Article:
5 Social Platform Predictions for 2010

Leading Social Platforms

As many of you know, I'm a big proponent of open platforms and have spent much of my career designing, building, or leveraging open platforms and APIs. While we have seen explosive growth in social platforms over the past several years, I believe they are still very early in their history.

I wanted to put out my 5 social platform predictions for 2010, as I think we are poised to see another exciting year of innovation.

Facebook & Twitter become the social and real-time protocols of the web.
There is no doubt that Facebook and Twitter have become the de facto social and real-time platforms of the web. I'm not going to argue which service will win because I strongly believe there is room for both as they serve important and separate functions. But I think both will see the next evolution of their dominance. We've already witnessed the transition of these services from valuable end-user apps to compelling platforms serving thousands of scenarios through a strong platform ecosystem. The next leg of this evolution will be transform to ubiquitous protocols that underlie all major social and real-time scenarios across the web. We will start to think of Twitter as a micro-messaging protocol just as we think of existing communication protocols like SMS and IM. Facebook will become the universal address book protocol for connecting and sharing with everyone in our lives. The unique aspect of this transition if successful is that each of these new protocols will be owned by one dominant player. This is a scary reality that we may soon be faced with.

Facebook taxes the value creation happening on top of its platform.
Facebook has seen incredible growth in 2009, reaching over 350 million users worldwide. In addition to strong user growth, they have seen equally exciting platform growth. App growth specifically in social gaming has been coupled with strong monetization for large and small app makers alike. The platform ecosystem's aggregate revenue is rumored to have exceeded Facebook's own revenue. While Facebook has fully embraced this in order to further its priority of platform growth over platform monetization, I think we'll start to see a shift towards Facebook looking to capture more of the value being created on top of its platform. Facebook already makes a significant portion of it's advertising dollars from app developers promoting their games. And Facebook has spent much of 2009 developing it's own virtual currency platform that would provide an easy and efficient way for Facebook to tax it's app developers. Look for this to launch in 2010.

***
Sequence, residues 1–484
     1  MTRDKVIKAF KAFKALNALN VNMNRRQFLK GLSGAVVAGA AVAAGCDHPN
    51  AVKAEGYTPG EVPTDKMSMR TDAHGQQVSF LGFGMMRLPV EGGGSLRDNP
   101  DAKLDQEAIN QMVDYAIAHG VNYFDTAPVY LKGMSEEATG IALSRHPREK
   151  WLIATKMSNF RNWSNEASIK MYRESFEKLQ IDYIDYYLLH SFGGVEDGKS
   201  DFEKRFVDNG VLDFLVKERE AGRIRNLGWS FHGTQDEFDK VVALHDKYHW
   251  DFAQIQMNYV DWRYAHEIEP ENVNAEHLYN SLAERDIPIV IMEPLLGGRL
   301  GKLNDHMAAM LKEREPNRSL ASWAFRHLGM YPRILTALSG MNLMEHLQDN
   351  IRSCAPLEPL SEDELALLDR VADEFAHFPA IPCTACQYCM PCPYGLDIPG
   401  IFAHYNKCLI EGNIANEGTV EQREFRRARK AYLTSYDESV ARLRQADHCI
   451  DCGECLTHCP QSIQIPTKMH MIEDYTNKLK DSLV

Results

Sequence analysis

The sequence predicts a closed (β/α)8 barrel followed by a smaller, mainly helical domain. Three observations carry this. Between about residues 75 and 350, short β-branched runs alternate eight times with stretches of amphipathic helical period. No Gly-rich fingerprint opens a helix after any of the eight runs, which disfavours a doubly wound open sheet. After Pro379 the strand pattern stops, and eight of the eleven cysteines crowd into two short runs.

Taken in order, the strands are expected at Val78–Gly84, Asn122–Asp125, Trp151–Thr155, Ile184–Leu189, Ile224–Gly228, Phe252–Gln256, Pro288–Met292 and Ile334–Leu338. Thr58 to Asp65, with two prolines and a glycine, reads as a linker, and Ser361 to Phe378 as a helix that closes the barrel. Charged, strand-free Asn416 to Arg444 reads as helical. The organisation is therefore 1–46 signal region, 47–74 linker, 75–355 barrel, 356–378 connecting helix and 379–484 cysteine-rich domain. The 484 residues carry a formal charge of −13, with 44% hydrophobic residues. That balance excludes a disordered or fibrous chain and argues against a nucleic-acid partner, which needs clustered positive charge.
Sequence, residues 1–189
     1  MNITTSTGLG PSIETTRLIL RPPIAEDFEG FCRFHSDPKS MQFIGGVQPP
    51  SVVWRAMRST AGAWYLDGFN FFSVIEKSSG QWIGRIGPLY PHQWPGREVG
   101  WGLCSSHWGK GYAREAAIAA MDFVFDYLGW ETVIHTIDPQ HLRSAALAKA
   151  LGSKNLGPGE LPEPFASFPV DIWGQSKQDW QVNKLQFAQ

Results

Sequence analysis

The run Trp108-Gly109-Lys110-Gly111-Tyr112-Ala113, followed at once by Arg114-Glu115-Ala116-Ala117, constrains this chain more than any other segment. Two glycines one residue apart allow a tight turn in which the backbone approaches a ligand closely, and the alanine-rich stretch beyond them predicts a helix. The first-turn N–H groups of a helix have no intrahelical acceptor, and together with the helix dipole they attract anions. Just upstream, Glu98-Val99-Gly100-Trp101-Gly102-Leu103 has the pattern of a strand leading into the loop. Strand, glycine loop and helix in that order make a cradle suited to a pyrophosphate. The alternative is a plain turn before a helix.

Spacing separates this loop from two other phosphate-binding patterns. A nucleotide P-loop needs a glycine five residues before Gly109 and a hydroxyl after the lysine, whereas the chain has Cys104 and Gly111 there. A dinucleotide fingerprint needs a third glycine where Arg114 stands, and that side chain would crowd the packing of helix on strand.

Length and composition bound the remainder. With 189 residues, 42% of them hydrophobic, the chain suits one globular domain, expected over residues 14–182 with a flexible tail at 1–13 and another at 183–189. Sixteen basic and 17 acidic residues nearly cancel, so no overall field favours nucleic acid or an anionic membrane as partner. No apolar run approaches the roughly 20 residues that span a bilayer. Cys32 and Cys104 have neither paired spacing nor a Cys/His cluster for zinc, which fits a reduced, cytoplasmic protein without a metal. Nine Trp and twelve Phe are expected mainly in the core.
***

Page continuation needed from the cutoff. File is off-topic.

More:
LinkedIn's professional networking platform sees significant app innovation.
LinkedIn made it's first foray into apps in Oct 2008 when it launched it's on-site InApps platform. This platform allowed third party developers to build applications on LinkedIn. However, it was a completely closed platform that was never made generally available to developers and never grew past 13 available applications. Then a year later in Nov 2009 LinkedIn finally opened up it's platform for third parties to leverage it's data on apps on their own sites. The platform is still in the early days and has many limitations, but does pave the way for real innovation leveraging the valuable professional networking data repository LinkedIn has built. With this true opening I expect to finally see significant app innovation, despite it being plagued with delays until now. But better late than never, since LinkedIn stills holds an incredibly valuable data set with tons of untapped scenarios.

API monetization becomes an important question for emerging platforms.
API monetization remains at it's infancy. While there are APIs that are currently being monetized, what the customer is typically paying for is access to a restricted data set more than anything else. This rings true for Twitter and it's monetization of it's real-time data with Google and Microsoft, with the licensing deals LinkedIn struck with various partners which leverage it's professional resume data, or Compete with it's click-stream aggregate site analytics data. We are starting to see the freemium business model apply to APIs as well, with Compete, Urban Mapping, and Whitepages offering free and paid API offerings. In 2010 we'll start to see the discussion of API business models come to the forefront and I expect to see progress across the various models.

OAuth WRAP gains popularity over the original protocol.
The OAuth protocol has been a very important specification that has resulted in true standardization of API authentication across social, media, and other APIs. This has made the task of integrating third party APIs simpler for the developer, thus allowing a developer to interact with more APIs than ever before. Yet one thing that continues to be an extremely confusing aspect of the OAuth protocol is the signature authentication process. While it is standardized in the spec, we've seen a variety of slightly different implementations that have made it difficult for developers to get started with a new API. Just take a look at the LinkedIn API forum, where much of the discussion is around this authentication process. Twitter has kept around non-OAuth based authentication to make it easy for developers to get started without having to get bogged down with the OAuth details. Yet OAuth WRAP solves this very pain point by leveraging SSL for the authentication and removing the need for the developer to manually implement the authentication step. We'll see OAuth WRAP or a variant gain traction to further ease developer pain in this space.
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